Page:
It's no surprise that the top wide receivers in the NFL today have a tendency to be open with some of their diva behavior.
Whether it be over-the-top touchdown celebrations, bizarre press conferences or self-centered demands to be fed the ball from their quarterback, many wide receivers have turned off casual fans with their attitude.
Even when their behavior isn't exactly diva-esque, the amount of attention bestowed on them takes away from the fact there are 10 others who play a big role in an offense's success.
So why not compare them to the biggest hits of divas in the world of popular music?
Here are seven wide receivers and their diva song counterparts.
Randy Moss, the currently retired wide receiver who last played for the Tennessee Titans, would probably like to return to a time when he was getting NFL catches for the very first time.
Moss dominated the competition in his NFL rookie season, where he came out of nowhere to score a rookie record of 17 touchdowns and win Rookie of the Year.
While his career has seen some major setbacks due to his bizarre on and off the field actions, I really wouldn't be too surprised to see Moss come out of retirement one last time and still make a big impact on a team looking for an offensive spark.
Free agent wide receiver Terrell Owens has done his share of diva-like behavior, including calling out several of his quarterbacks, over the course of his career.
Despite this behavior, he has established himself as one of the top pass catchers of his generation. However, Owens is not getting any younger, and a torn ACL has his career in jeopardy.
While his agent Drew Rosenhaus has said previously said he would be able to return in August (which has already passed without Owens hitting the field), it still remains in question what will come next for his career.
Does anybody know where he's going to? Far from it.
Do you remember when T.J. Houshmandzadeh was a legitimate receiving threat in Cincinnati? It may seem like ages ago, but in 2007, Houshmanzadeh shared the title of most receptions with Wes Welker and made his first (and only) Pro Bowl squad.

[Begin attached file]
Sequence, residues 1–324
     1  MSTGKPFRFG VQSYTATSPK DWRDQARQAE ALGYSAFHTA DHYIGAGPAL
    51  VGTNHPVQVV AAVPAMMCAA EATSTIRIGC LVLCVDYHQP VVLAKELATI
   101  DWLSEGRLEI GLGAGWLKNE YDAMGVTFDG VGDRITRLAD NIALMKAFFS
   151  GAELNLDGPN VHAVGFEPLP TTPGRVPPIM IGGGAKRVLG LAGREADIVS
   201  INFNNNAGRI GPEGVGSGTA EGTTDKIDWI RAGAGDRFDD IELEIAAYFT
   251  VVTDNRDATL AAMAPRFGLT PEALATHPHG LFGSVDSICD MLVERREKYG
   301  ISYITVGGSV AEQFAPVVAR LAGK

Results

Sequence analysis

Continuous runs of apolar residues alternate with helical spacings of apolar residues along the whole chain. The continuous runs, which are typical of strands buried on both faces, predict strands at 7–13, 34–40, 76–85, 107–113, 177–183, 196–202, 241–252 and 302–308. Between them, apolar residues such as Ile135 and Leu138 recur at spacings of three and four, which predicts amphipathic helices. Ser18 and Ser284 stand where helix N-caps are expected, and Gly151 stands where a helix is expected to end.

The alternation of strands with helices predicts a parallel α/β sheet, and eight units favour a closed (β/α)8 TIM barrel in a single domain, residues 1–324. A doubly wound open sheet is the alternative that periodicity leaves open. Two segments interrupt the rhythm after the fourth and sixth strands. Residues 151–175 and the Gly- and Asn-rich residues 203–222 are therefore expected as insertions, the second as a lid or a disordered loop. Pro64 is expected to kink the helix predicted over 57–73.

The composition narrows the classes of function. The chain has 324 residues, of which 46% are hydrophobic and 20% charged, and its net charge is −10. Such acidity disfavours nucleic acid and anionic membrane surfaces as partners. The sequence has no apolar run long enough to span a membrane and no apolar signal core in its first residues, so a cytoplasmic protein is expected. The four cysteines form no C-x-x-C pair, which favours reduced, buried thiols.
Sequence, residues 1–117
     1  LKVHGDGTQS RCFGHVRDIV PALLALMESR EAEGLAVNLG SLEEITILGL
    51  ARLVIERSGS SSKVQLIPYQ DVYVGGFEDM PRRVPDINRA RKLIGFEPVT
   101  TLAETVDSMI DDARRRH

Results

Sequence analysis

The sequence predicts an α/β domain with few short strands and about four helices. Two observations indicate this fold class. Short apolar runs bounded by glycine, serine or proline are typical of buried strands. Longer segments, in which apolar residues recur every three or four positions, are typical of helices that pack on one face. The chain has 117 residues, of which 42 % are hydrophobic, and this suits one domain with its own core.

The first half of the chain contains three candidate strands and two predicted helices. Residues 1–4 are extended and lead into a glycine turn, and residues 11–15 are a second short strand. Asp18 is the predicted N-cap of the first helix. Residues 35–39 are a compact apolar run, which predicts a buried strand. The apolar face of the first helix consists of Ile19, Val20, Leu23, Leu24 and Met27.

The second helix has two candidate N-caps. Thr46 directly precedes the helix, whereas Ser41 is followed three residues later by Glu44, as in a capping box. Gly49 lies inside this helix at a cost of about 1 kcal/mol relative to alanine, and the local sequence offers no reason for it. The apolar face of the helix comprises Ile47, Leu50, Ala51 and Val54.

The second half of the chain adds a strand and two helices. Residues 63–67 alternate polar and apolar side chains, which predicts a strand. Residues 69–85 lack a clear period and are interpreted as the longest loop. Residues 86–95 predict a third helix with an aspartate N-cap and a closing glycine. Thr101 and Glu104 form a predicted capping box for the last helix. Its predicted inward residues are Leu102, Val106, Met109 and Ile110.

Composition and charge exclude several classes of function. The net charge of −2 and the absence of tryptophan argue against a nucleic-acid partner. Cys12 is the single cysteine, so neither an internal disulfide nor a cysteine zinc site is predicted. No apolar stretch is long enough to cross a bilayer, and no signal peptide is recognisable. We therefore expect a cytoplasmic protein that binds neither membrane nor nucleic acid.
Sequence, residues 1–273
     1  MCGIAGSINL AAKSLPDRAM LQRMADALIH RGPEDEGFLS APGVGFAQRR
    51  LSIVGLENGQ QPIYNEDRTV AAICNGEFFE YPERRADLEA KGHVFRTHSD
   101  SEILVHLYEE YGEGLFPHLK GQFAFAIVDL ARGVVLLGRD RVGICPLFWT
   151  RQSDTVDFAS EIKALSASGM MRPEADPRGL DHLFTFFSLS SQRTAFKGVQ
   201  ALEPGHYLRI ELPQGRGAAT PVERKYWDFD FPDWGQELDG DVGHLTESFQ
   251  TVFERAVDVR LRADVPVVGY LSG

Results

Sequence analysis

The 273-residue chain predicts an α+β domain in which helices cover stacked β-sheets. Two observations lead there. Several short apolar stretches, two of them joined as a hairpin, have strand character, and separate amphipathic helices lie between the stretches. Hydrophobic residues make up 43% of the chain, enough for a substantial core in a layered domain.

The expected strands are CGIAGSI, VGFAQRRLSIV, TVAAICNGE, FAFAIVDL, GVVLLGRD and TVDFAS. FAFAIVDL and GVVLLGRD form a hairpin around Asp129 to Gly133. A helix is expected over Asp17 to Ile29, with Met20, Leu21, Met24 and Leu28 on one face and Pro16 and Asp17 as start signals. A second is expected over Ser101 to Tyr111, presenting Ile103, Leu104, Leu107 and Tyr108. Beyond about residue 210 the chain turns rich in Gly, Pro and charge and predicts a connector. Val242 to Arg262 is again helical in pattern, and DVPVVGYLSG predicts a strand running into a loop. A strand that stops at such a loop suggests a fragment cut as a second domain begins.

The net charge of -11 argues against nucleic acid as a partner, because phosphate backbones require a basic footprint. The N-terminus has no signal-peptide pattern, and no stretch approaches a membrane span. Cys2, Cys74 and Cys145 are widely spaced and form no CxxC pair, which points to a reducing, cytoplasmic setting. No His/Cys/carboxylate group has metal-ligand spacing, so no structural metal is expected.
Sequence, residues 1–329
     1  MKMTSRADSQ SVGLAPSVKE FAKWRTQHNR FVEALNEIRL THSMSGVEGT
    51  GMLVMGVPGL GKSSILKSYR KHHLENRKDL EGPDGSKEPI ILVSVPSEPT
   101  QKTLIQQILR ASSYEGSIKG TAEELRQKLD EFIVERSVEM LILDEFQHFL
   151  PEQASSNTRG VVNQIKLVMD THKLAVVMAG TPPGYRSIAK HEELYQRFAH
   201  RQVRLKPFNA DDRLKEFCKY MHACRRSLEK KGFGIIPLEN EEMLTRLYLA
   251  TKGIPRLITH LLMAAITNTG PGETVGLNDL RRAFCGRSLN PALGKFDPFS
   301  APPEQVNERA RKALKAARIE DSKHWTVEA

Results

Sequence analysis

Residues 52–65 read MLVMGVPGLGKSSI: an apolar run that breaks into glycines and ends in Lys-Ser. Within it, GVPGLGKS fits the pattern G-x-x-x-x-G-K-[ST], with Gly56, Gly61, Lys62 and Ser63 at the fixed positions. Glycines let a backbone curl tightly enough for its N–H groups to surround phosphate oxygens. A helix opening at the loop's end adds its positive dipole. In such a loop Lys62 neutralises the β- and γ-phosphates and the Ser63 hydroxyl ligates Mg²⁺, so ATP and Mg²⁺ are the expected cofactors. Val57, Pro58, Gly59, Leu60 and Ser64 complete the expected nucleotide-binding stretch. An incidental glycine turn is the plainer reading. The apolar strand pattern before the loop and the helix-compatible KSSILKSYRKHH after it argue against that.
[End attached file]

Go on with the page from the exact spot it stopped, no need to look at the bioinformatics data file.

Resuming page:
Since that time, he's seen disastrous back-to-back one-year stints with the Seattle and Baltimore, where his teams have underperformed majorly. His time with the Ravens ended with T.J. dropping a crucial third down pass near the end of their divisional round game against the Pittsburgh Steelers.
There's no doubt that Houshmanzadeh would be looking for the nearest time machine if one were to be available.
Detroit Lions wide receiver Calvin Johnson doesn't play for the flashiest team and he doesn't always make the headlines. But there's no doubt in my mind that Johnson is due a little more R-E-S-P-E-C-T from fans and critics.
He had to fight off criticism from former receiver and NFL commentator Cris Carter that he would never be an elite receiver, and that he would only be good in video games (nice Tecmo Bowl reference!).
Speaking of video games, when going through the rankings of Madden 12, Johnson is fifth among receivers, when he should be in the conversation for top three at the very least (with Andre Johnson and Larry Fitzgerald).
Many fans were surprised to hear Philadelphia Eagles wide receiver Jeremy Maclin could miss substantial time after going through the fire of an unknown illness.
Suffering from night sweats, fever, and weight loss, there was some suspicion that the receiver could have lymphoma, a form of lung cancer. Tests were also run to check Maclin for mononucleosis, leukemia and AIDS.
So San Francisco 49ers wide receiver Michael Crabtree missed nearly all of his rookie season in a holdout based on a draft position he wasn't a part of? So what Crabtree's attitude led tight end Vernon Davis to call him out publicly?
What's the love of football got to do with that?
While Crabtree's play has been hindered by injuries, the negative perception from his previous self-centered actions off the field may leave a longer impression than nearly anything he does on the field.
Surprisingly, Crabtree is just not sure how he got the diva label, saying, "I'm just a regular guy going about my business."
Philadelphia Eagles wide receiver DeSean Jackson may be incredibly talented on the field, but sometimes his words can get in the way of his efforts to be a role model.
That was the case when he chided a caller with a gay slur when he appeared on Sirius XM's "All Out Show."
The comments were a step away from previous efforts from Jackson to lobby against bullying in schools, which included an appearance on "The View" with a bullied teenage fan.
While Jackson later apologized for his choice of words, it may be too late to save his attempt to be a public leader against bullying.